IT’S 4.30am, dark and hot, on a late November morning. Needles of rain are bouncing off black water and a tree floats by. But wildlife cameraman Charlie Hamilton James has only one thing on his mind as his small boat putters across the fast-flowing River Manu in the Peruvian Amazon. Five days after leaving England, he has reached his destination – a wooden raft in the middle of a large oxbow lake called Cocha Salvador. As grey light seeps across the sky, the expanse of water on which Charlie is floating becomes distinct from the forested banks. The humidity starts rising sharply. Manu National Park, the most biodiverse place on Earth, begins to wake up.
A black caiman cruises silently past, eyes level with the surface, barely visible bumps atop long toothed jaws. Macaws stir and call, and rainforest insects chirp and hum – noises Charlie has not heard for 10 years. He is still waiting for the sounds that he travelled all this way for. Suddenly, the still air erupts into whistles, sliding-scale squeals and energetic banter. The caiman sinks, the water closing over the top of its head, leaving no trace of the animal’s 2.5m-long bulk. For now, the reptile exits stage left among the overhanging bankside vegetation as the lake’s resident ‘mob’ appears centre stage.
Here, at last, is the family that Charlie has waited so long to see again: a boisterous gang of giant otters, each up to 1.8m long, with sleek bodies, seal-like heads and huge webbed feet. They dive, leap and raise their heads high above the surface, peering curiously to see who is on their lake. As Charlie’s camera whirls into action, he can’t help smiling. He has been obsessed with otters for most of his life, and, as his wife and fellow film-maker, I have shared a decade of this passion.
The European otter that Charlie and I have got to know so well is playful, inquisitive and supremely adapted to an aquatic life – but that’s where any similarity with its Amazonian cousin ends. The otter that lives along rivers and coasts is usually secretive and, on the whole, solitary and nocturnal – behaviour that is a world away from the complex sociality displayed by this group of exuberant monsters. Europe’s otters seem modest by comparison – cute, even – whereas these brutes are hardly beautiful to most human eyes. In all honesty they have faces only their mothers could love.
Charlie studies each of the lake’s giant otters in turn. Ever since he filmed this family a decade ago, he has wondered what became of it – in particular, a youngster known as Diablo. He was just a cub then, and Charlie had witnessed his first swim. Had he survived to adulthood? Giant otters have one key distinctive feature -a creamy patch under the chin, the shape of which is unique to each animal. Charlie had memorised the pattern on Diablo’s throat; as he sees an otter swimming across the lake, he’s certain that he is looking at the same individual.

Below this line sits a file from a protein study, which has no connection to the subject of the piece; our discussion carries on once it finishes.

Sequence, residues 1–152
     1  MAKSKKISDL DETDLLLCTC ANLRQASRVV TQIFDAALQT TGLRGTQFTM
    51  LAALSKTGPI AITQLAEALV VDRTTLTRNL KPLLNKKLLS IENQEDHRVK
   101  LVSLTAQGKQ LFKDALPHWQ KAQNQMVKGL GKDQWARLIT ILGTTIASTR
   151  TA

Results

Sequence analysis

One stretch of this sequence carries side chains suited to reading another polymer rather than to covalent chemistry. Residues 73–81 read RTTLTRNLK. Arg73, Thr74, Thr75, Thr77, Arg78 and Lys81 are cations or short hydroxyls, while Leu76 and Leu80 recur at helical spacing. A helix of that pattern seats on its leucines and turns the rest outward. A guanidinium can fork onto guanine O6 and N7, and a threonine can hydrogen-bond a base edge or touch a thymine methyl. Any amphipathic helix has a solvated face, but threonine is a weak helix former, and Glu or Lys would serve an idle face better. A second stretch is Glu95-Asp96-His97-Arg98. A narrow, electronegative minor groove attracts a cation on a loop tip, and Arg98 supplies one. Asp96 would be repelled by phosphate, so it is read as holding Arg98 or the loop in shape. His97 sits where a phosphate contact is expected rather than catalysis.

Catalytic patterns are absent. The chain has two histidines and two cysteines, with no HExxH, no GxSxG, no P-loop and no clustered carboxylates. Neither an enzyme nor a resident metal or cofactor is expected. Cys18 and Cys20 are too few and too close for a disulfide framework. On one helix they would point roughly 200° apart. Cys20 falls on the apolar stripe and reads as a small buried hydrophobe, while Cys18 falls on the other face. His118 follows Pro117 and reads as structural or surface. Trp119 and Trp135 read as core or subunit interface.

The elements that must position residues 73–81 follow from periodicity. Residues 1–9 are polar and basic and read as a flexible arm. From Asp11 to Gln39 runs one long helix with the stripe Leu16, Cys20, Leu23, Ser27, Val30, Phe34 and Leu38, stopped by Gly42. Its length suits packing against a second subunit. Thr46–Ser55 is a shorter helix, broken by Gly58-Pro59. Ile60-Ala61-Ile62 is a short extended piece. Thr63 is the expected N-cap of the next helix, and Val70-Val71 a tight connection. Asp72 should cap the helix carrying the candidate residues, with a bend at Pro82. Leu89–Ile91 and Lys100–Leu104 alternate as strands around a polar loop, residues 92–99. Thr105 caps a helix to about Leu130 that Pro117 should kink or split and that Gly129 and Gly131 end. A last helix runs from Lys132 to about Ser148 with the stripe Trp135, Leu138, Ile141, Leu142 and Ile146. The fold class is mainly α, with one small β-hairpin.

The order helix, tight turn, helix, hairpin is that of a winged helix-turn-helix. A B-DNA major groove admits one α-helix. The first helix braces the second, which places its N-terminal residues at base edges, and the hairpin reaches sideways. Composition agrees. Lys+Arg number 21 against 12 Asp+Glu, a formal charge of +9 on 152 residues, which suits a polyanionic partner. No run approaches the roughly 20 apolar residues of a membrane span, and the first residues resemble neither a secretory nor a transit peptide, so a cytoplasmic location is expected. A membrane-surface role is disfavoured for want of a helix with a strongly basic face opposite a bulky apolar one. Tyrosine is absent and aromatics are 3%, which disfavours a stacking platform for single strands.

Diablo is clearly now the dominant breeding male of a large clan consisting of himself and his mate Sophia, two cubs from the previous spring, plus five other adults and sub-adults. They all defer to Diablo – he’s the boss. Diablo’s family is the subject of the longest-running study of giant otters, started by Frankfurt Zoological Society (FZS) in 1990. So you might think that we’ve learned pretty much all there is to know about these charismatic mustelids. But Diablo has kept a few surprises for Charlie.
As he watches this first morning, he notices that Diablo’s family seems protective of its den, and it soon becomes apparent why. Not two or even three, but six tiny cubs emerge. They are already a few weeks old, so must have been born in October. In Manu, giant otters usually bear two to four cubs, generally between April and July, so to find so many young at this time of year is completely unexpected. Six cubs! Is that a record? Dr Rob Williams, who leads the FZS research project, is intrigued. “It means that the family has produced two litters of cubs this year,” he says. “On a couple of occasions, we suspected that this was happening, but we’ve never been able to prove it – until now.”